Jo: And, I dunno, reveal more of the story… HER STORY! (See what I did there?)

Rik: I have to say the way things are revealed is very well done.

Jo: I agree.

Rik: When you start off you think it’s going to be a more conventional whodunnit – I mean, not really, because there’s only really one character, but like: has she done it (dunnit?) or not?

Jo: And there’s also you, the player, as in: who are you and why are you there, and what is it you’re trying to find out?

Rik: Yes, that’s another thing worth saying: you’re supposedly in a room looking at an old police computer from the 90s.

The opening screen – with realistic ‘glare’ turned on.

Jo: I quite like how little you have to go on in the beginning – there’s no real intro to speak of, you just have a desktop that looks very Win 95.

Rik: Or even Win 3.1…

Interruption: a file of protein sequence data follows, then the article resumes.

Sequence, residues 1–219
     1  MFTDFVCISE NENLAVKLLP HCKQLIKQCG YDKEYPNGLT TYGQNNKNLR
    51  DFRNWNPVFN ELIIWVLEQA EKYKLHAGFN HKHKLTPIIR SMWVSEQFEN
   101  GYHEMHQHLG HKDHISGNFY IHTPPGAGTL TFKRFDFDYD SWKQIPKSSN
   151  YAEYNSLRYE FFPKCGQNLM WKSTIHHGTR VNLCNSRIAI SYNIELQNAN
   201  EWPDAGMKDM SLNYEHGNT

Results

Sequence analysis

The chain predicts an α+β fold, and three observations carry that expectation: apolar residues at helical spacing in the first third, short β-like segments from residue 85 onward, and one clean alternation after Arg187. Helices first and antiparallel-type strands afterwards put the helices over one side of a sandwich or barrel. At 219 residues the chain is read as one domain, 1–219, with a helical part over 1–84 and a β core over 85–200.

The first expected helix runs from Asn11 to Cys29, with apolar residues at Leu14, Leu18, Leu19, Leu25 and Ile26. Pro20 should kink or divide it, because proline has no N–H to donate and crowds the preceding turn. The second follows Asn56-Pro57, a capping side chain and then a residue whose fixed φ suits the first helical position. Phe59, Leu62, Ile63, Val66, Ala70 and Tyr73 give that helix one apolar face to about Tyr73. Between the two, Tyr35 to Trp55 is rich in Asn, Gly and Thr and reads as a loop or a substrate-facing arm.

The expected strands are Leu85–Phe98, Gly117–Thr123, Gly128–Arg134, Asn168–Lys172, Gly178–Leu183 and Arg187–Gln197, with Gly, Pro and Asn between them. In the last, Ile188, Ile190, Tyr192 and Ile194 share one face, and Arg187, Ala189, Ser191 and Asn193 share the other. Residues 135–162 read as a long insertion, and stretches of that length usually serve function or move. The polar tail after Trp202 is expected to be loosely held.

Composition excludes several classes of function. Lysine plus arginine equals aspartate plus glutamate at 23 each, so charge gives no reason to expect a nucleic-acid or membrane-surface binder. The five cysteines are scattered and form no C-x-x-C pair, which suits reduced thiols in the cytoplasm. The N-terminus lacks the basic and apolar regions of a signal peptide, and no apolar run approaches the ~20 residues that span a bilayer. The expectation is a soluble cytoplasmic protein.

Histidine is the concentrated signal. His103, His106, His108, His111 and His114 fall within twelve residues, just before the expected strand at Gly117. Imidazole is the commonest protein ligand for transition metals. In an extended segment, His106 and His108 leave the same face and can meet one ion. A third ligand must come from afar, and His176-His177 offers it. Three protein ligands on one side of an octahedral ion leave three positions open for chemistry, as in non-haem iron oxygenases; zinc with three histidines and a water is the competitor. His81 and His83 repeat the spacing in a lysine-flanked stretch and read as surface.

Jo: And there are a couple of readme files, but no explanation as to what it is you’re looking for. It’s just kind of: here are the clips, here’s how you find stuff, knock yourself out.

Rik: It is clearly a series of police interviews. And the woman being interviewed is being asked questions about a murder. But yes, the way it’s set up as a detective game is really good. You get excited about things you think might be important, but then they aren’t really. So, the Glasgow alibi and speeding ticket – you think, AHA! that’s worth investigating. Or the different characters: the boss, the people at the pub, etc. Again, you’re like, this could be important.

Jo: I liked those red herrings.

Rik: In terms of detective work, it’s a much better way of throwing you off, than, say L.A. Noire. The irrelevant stuff is interesting: you don’t know it’s irrelevant at the time, unlike in L.A. Noire, where you’re constantly picking up beer bottles and cigarette ends as part of your investigation (and I like L.A. Noire!)

Jo: I did draw a comparison with L.A. Noire a bit, with the whole ‘how do I tell if she’s lying’ thing.

Rik: But again, that’s a bit of red herring: it’s not really about catching her out, which I thought it obviously would be…